How do I find the version of another Windows machine in the local network?


As Josh King noted you can use srvinfo which is a Windows 2003 Resource Kit tool.

On Windows 7 you can use systeminfo

systeminfo /s remote_computer_name
  • Thanks for that, was trying to find a non server alternative but my Google wasn't strong enough! – Windos Jul 18 '11 at 22:05

To get just the hostname and OS from systeminfo pipe in findstr, this eliminates the other noise

systeminfo /s [machine name]|findstr /i "host OS "

nmap can perform remote OS detection.

It's not 100% accurate, but you'll have to see for yourself.

Here is an example result. I specifically picked a result that wasn't 100% accurate, but this machine is a Windows Server 2008.

Warning: OSScan results may be unreliable because we could not find at least 1 open and 1 closed port
Device type: general purpose
Running (JUST GUESSING): Microsoft Windows Vista|2008|7 (98%)
Aggressive OS guesses: Microsoft Windows Vista SP0 or SP1, Server 2008 SP1, or Windows 7 (98%), Microsoft Windows Server 2008 (98%), Microsoft Windows 7 Professional (97%), Microsoft Windows Vista Business SP1 (93%), Microsoft Windows Vista Home Premium SP1 (93%), Microsoft Windows Server 2008 SP2 (91%), Microsoft Windows Vista Home Premium SP1, Windows 7, or Server 2008 (91%), Microsoft Windows 7 (90%)
No exact OS matches for host (test conditions non-ideal).


Thank you [squillman] :)

While you have so many machines to be inspected, just do this:

(1) Create TXT file contains all hostnames of your machines. Eg: ALL-MACHINES.TXT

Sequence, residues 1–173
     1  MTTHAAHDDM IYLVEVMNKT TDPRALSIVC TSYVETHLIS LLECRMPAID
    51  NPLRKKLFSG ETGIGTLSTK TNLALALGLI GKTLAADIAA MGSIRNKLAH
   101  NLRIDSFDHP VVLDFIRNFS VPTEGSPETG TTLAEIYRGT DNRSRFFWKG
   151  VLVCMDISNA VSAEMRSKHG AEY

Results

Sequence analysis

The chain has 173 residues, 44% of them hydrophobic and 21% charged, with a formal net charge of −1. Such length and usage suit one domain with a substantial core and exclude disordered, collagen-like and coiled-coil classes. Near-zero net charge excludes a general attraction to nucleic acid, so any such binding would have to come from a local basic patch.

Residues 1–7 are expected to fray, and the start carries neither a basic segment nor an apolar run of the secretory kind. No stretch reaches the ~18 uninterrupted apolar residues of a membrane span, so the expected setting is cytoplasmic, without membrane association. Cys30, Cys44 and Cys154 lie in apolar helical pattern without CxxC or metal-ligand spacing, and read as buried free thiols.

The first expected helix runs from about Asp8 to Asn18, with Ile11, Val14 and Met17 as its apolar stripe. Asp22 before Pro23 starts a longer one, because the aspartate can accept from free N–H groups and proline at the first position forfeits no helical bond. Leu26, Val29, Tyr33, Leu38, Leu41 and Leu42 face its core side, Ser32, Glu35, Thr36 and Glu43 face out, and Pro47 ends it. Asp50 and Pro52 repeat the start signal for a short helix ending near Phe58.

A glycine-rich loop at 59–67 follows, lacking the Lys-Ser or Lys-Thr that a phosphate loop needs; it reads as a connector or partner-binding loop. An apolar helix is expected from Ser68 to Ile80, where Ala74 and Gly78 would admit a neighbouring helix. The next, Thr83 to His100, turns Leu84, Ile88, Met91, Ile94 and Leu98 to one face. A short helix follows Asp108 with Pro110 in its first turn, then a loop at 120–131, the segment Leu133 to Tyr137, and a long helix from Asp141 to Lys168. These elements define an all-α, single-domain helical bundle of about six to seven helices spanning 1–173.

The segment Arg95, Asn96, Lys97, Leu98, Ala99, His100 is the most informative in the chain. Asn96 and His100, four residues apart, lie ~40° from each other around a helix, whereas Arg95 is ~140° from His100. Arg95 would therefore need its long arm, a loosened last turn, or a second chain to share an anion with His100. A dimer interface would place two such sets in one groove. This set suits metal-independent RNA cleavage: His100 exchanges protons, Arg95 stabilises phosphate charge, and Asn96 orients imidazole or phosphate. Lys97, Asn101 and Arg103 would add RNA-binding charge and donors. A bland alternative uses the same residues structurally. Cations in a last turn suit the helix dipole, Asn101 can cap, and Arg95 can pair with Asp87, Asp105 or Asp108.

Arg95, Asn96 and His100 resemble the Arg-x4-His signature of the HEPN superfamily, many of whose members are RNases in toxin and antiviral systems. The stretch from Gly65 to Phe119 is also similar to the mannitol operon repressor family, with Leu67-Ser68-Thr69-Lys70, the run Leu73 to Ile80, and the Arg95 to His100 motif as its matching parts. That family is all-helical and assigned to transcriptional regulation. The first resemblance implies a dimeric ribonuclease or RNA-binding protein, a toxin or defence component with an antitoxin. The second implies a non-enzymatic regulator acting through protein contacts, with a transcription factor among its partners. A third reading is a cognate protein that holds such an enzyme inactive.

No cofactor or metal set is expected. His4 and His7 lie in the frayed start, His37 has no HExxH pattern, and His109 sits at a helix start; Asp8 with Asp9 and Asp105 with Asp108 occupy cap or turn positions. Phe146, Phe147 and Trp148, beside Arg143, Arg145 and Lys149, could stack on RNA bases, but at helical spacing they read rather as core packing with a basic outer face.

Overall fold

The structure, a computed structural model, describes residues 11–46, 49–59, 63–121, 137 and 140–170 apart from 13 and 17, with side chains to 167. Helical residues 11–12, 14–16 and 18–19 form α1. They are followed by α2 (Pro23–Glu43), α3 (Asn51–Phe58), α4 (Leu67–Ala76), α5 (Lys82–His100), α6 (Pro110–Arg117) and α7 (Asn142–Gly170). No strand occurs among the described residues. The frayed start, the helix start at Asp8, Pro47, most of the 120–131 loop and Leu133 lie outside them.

(2) Do FOR instruction within CMD:


(3) Any comments for improvement are welcome. :)


If you have access to one of the Windows Server resource kits (2003 for sure, not sure about newer versions) you can use the Srvinfo command.

Srvinfo \\remote_compute_rname

You'll get a host of information from it, but what you're interest in is:

Product Name: Microsoft Windows XP Product Options: Professional

  • Thanks. Works for localhost but not for the other machines possibly because I'm not the admin in the network. Is there a workaround? – shane Jul 18 '11 at 22:02
  • 1
    @shane If you are not an admin, there is no program that will give you that info. – KCotreau Jul 18 '11 at 23:39

For those coming here that need to do many machines and want to use PowerShell:

Single Machine: Get-CimInstance Win32_OperatingSystem -ComputerName Machine Name | Select-Object CSName, Caption, BuildNumber, OSArchitecture

All Machines: Get-ADComputer -filter * | Foreach-Object {Get-CimInstance Win32_OperatingSystem -ComputerName $_.name -ErrorAction SilentlyContinue | Select-Object CSName, Caption, BuildNumber, OSArchitecture} | Format-Table -Property * -AutoSize

Assuming of course you have WinRM enabled. You can batch enable WinRM via PS too but that's another topic.

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